Making Beans Easy to Digest
Like many people, over the years I have found that I sometimes have problems digesting beans, both with gassy stomach pains (which bother me) and with flatulence, which is a highbrow term for farting (which bothers the people downwind from me). There are a combination of things that, taken together, make beans easy to digest.
- very thorough cooking
- boiling beans hard for 10 minutes before main cooking method
- not adding salt or acidic foods until beans are thoroughly soft
- supporting spices
- combinations and proportions of beans with grains
- chewing and savoring
First, and very important with any bean, pick over the dried beans, discarding any small stones or foreign matter. I pour them out ľ cup at a time on a dinner plate and spread them out flat with my fingers. Once they are picked clean, rinse very thoroughly.
Pre-Soaking - For all but a few, very easy to digest beans (moong dal from India, lentils, and black-eyed peas) I find that pre-soaking the beans and discarding the cooking water before final cooking, makes a big difference in digestibility. Hereís how you do it.
- Pick over and clean the beans.
- Next, cover with water, at least a 3 to 1 water to beans, since they swell up.
- Now just let the beans sit at room temperature, at least 8 hours or overnight. If you are going to soak them for a full day you can change the soaking water halfway through.
Allow for dry beans expanding when soaked and cooked. One cup dried beans will yield 2 1/2 to 3 cups cooked beans, so be sure to allow for that. If you pre-soak, the swelling will take place while soaking, so you will know the finished volume when you cook. If you plan on cooking the beans from dry without soaking, be sure to allow extra water, and extra room in the pot, for the expansion.
Quick soak method - after cleaning, put beans in water and bring to a boil, and boil them for about 5 minutes, then let them sit for 1 hour or more. Whichever method of soaking you use, drain and discard the soaking water and rinse the beans thoroughly before adding fresh water and cooking.
Very Thorough Cooking - This is the single most important factor in making beans easily digestible. Beans should be cooked until they are soft all the way through, with no firmness or crunchiness. Firm and crunchy beans look good on a plate but are hard to digest.
Boiling Hard Before Main Cooking Method - Whether you pressure cook or slow cook beans, it is a good idea to bring them to a rolling boil without pressure for about 10 minutes before using your main cooking method. This seems to help with digestion and can dramatically shorten the cooking time, especially when using a slow cooker.
Wait on Salt and Acidic Ingredients - Both salt and acidic ingredients such as tomatoes interfere with the process of beans becoming tender, so hold off adding them to the beans until they are thoroughly cooked.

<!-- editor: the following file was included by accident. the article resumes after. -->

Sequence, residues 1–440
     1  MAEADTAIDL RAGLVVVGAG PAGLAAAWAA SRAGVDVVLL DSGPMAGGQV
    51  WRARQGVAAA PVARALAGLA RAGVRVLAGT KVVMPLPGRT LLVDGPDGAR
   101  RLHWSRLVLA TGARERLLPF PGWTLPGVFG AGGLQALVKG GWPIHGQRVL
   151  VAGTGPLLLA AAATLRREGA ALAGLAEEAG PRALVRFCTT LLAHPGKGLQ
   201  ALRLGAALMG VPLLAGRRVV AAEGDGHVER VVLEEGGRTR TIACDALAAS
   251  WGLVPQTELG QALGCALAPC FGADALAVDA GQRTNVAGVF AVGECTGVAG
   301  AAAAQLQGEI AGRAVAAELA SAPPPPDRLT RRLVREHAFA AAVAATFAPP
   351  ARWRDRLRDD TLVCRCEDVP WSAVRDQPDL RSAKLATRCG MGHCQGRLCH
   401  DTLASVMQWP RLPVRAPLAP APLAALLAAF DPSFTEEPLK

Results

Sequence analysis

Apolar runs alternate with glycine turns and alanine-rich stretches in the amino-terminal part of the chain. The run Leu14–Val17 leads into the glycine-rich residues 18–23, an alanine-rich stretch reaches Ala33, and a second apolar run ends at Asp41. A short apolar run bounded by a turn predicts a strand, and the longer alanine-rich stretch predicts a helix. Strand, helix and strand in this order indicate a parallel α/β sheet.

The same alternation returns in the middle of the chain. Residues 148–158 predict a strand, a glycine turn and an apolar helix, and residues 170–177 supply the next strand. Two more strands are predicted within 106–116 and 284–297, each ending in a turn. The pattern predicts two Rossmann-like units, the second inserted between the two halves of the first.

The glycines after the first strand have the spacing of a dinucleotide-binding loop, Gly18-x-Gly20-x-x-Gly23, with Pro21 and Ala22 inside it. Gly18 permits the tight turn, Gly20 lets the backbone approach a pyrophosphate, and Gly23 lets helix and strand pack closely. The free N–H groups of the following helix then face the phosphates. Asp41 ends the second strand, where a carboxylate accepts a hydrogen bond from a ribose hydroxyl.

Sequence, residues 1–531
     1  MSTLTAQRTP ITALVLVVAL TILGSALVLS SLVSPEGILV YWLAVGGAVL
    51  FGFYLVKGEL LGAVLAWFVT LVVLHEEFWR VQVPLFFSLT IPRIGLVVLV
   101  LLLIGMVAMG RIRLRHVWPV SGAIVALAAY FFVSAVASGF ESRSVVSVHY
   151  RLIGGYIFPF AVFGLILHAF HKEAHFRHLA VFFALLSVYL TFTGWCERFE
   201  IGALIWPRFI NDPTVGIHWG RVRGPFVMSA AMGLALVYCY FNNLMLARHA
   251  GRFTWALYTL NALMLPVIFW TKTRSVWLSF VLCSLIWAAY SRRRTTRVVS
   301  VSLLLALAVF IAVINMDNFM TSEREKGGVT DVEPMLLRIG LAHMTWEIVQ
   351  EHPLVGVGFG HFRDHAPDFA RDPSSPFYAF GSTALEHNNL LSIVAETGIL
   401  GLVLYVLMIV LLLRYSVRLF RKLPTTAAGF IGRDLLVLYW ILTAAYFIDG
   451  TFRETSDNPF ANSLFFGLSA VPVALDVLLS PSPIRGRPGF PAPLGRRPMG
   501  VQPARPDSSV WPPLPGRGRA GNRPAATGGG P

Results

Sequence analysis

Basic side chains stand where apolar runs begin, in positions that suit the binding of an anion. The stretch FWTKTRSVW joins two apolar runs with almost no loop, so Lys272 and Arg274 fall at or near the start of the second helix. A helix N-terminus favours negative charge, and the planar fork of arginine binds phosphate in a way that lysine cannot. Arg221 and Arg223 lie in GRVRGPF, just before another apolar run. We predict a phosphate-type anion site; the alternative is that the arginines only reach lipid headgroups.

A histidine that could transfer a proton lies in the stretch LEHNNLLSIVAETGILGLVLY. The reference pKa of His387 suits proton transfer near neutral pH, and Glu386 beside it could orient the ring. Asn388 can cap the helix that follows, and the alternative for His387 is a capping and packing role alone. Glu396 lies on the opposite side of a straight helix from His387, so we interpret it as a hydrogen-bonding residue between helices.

Digestive Spices - Indian cooking uses ginger, turmeric, and sometimes fennel and asafetida to cook with beans to make them more digestible. I especially recommend ginger and turmeric. If you use a small amount with the beans while you cook them, they aid with digestion but do not dominate the flavor.
Japanese and far East Asian cooking uses a piece of kombu or kelp, which is a kind of seaweed, cooked in with beans. It seems to help make beans a bit softer, thickens their cooking liquid a bit, and also enhances their flavor. Note that seaweed is high in salt, and I have found that it does lengthen cooking time of beans if I add it too early. I now find it works best if I add the seaweed when the beans are pretty much done, before I add any other ingredients. I usually throw a small piece of kombu in with the cooking water, and sometimes I add ginger, sometimes turmeric, and sometimes fennel.
Those are the main spices that I can confirm assist with digesting beans. I use them constantly, and I can tell the difference in digestibility when I leave them out.
Combinations and Proportions of Foods - I have found that what foods I combine the beans with, and the proportion of beans to other food, affects how easily they digest.
Beans go really well with different forms of grains - rice, pasta, and breads. They seem to work best together when the amount of grains equals or exceeds the amount of beans. Grains and beans are usually found together in traditional cuisines around the world.
When I make rice and bean combined dishes, I like the proportion of rice to beans to be 3 to 1 or more. When I make bean and rice salads that are 1 to 1 proportion, I find myself wanting a piece of bread on the side to balance. Itís almost instinct by now to want to balance the beans with grain.
Chewing and Savoring - Both beans and grains are foods where a lot of the digestive process starts in the mouth. Unlike meat, they are not foods that lend themselves to being gulped unchewed. Chewing beans and grains thoroughly, or savoring bean or pea soup broth in the mouth before swallowing, greatly reduces gas and makes digesting them a lot smoother. It also brings out more of their flavor and makes eating them more enjoyable.
Cooking With Canned Beans - When you use beans from a can or jar, make very sure that the beans are thoroughly cooked, soft and not crunchy. Drain and rinse the beans before adding them to whatever dish you are making. This makes them easier to digest. It gives the dish you add them to a cleaner and fresher taste, and it also seems to lengthen the time the leftovers stay good tasting in the fridge. You can also use spices like ginger and turmeric to aid digestion.
Summary - If I had to pick out the absolutely essential things to keep in mind, they are -
- thorough cooking
- eating with grains
- chewing and savoring